- January 7, 2019 at 3:45 pm #108587
Wasn’t someone at one time experimenting with part15 shortwave? How’s that work? How far can it go?
- January 7, 2019 at 5:54 pm #108591
We Made History At the Time
Several years ago a bunch of members designed a part 15 compliant shortwave transmitter that we named “The Big Talker”, especially designed for 15.360 MHz or was it 13.560 MHz (?)
Contributors included Radio8Z, PhilB, MICRO1700, Ermi Roos and probably other names I am forgetting.
The final design produced two designs, the mid-stage buffer having two possible circuits.
I had mine operating for a long time and the parts are now on the workbench waiting to be installed in a case.
If you are in a circuit-building mood I can link you to our diagrams.
- January 8, 2019 at 10:56 am #108594
Hmmm.. answered this last night at about 1am, little later noticed my comment wasn’t here so answered again about 2am… My comment is not here again!
AAaarrrg.. ok.. will try again…
Not ready to attempt to build anything yet, but curious how it sounded and how far the signal would travel. Did you do a show about it? Any recordings of the shortwave broadcast on the receiving end?
- January 8, 2019 at 11:09 am #108597
I definitely will re-link the Big Talker documentation because it includes a paper from PhilB (inventor of the AMT3000/5000 transmitters) explaining why at the allowed power level a vertical antenna would provide the best result and I think he also estimated the probable distance under normal conditions.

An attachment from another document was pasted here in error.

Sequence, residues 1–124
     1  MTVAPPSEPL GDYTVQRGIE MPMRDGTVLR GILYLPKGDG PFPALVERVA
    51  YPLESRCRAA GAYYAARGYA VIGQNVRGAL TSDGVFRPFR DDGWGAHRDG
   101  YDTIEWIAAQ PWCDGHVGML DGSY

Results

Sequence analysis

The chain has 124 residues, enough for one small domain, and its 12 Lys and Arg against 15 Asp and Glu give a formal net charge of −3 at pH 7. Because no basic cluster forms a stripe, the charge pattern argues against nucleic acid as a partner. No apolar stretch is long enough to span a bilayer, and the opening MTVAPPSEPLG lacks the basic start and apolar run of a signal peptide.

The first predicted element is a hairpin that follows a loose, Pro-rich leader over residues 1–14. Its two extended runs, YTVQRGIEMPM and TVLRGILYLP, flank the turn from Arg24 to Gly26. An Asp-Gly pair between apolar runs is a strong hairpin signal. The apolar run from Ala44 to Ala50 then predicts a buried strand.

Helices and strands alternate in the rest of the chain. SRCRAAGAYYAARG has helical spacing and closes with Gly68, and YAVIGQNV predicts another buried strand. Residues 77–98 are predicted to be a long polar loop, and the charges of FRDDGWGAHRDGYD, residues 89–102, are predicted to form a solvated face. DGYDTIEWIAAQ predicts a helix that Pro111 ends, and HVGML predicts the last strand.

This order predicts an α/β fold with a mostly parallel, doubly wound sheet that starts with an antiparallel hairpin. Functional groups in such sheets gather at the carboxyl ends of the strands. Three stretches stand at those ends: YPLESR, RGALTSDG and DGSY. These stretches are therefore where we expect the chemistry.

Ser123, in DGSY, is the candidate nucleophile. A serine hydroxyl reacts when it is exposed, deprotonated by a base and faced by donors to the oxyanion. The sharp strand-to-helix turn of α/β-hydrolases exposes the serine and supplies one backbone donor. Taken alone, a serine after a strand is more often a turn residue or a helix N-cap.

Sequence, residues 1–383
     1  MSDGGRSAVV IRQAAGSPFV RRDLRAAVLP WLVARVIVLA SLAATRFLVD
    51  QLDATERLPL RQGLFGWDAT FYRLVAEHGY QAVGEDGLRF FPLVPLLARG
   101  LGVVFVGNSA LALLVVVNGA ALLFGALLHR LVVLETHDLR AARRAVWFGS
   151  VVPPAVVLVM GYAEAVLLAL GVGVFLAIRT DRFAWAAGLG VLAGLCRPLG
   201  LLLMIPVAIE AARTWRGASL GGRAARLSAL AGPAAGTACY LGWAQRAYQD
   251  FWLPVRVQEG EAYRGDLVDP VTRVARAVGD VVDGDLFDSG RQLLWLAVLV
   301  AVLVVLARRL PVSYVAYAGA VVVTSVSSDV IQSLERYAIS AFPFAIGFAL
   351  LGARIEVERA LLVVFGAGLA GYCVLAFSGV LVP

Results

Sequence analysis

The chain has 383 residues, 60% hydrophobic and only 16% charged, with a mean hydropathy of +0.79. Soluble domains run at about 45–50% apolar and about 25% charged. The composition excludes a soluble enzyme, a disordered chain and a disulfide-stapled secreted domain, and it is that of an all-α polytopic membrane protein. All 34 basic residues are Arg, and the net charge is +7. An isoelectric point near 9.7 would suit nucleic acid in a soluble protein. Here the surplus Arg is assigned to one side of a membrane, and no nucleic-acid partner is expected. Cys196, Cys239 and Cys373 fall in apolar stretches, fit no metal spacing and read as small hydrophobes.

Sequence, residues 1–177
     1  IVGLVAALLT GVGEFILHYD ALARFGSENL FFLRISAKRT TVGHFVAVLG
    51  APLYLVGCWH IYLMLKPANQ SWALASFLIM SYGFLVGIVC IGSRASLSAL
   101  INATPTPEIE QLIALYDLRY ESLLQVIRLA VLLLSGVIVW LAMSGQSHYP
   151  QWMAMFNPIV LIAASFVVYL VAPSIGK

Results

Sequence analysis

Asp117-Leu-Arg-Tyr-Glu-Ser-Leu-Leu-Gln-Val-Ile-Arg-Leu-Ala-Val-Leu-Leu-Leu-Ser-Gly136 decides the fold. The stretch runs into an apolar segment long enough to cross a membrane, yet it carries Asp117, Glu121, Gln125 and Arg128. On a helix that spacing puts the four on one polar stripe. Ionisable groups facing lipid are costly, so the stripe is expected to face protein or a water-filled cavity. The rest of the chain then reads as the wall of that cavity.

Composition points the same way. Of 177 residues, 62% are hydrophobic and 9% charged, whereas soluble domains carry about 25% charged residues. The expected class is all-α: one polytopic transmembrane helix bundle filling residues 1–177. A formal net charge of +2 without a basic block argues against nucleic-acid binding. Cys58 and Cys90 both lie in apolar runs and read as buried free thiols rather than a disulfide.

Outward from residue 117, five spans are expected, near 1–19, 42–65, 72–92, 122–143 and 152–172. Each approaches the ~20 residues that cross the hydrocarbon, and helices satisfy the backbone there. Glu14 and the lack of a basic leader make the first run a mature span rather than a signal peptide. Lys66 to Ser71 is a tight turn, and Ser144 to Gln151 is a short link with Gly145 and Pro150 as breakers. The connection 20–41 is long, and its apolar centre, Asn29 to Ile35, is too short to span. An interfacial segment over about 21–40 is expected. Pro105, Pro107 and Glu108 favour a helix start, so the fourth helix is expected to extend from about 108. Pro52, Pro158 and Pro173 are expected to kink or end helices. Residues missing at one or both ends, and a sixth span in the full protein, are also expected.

While visiting the Hobby Radio Super Center, click the Low Power Radio Resources and in the column under “Transmitters” scroll down until it says “Big Talker”. That’s where it will be after I re-link.
At the time I was running mine I had a dipole indoor 1/4-wave antenna but did not attempt to determine the range even though I looked around for a shortwave car radio but didn’t find one.
Now that we have two people experiencing submitted posts disappearing it is time for the website administrator to troubleshoot the problem.
- January 8, 2019 at 11:15 am #108598
How It Sounded
The Big Talker was Amplitude Modulated and sounded great!
- January 8, 2019 at 12:09 pm #108600
Oooooo… it was amplitude modulated? Cool! I want to be able to that. Where can I get an amplitude modulator from?
- January 8, 2019 at 12:11 pm #108601
All the requested links have been made.
Everything asked for is now provided.
The KDX web archives are a maze and labyrinth and I am lost in here and can’t find the exit.